The US Department of Health and Human Services has recently issued guidance under the Health Insurance Portability and Accountability Act on what covered entities and business associates can do to prevent and recover from ransomware attacks; however, other state data breach notification laws can also be triggered by a ransomware attack. The authors of this article explain the guidance and what to do if you are subject to a ransomware attack.
On July 28, 2016, US Department of Health and Human Services (HHS) issued guidance (guidance) under the Health Insurance Portability and Accountability Act (HIPAA) on what covered entities and business associates can do to prevent and recover from ransomware attacks. Ransomware attacks can also trigger concerns under state data breach notification laws.
Ransomware is a type of malware (malicious software). It is deployed through devices and systems through spam, phishing messages, websites and email attachments, or it can be directly installed by an attacker who has hacked into a system. In many instances, when a user clicks on the malicious link or opens the attachment, it infects the user’s data. Ransomware attempts to deny access to a user’s data, usually by encrypting the data with a key known only to the hacker who deployed the malware. After the user’s data is encrypted, the ransomware attacker directs the user to pay a ransom in order to receive a decryption key. However, the attacker may also deploy ransomware that destroys or impermissibly transfers information from an information system to a remote location controlled by the attacker. Paying the ransom may result in the attacker providing the key necessary needed to decrypt the information, but it is not guaranteed. In 2016, at least four hospitals have reported attacks by ransomware, but additional attacks are believed to go unreported.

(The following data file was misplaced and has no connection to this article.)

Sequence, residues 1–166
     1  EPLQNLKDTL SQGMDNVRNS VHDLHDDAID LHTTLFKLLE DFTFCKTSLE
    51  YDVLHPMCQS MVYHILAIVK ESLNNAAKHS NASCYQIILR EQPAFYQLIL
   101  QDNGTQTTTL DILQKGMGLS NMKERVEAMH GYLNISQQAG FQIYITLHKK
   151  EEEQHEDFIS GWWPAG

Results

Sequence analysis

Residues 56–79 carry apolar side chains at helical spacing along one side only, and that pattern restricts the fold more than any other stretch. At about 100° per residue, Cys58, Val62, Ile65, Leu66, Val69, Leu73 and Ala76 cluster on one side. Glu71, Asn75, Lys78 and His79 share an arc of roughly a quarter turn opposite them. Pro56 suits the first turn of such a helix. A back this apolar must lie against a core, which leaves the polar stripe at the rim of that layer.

Read the full article here to learn about the indications of a ransomware attack, what do in the event of a ransomware attack and what circumstances constitute a HIPAA breach.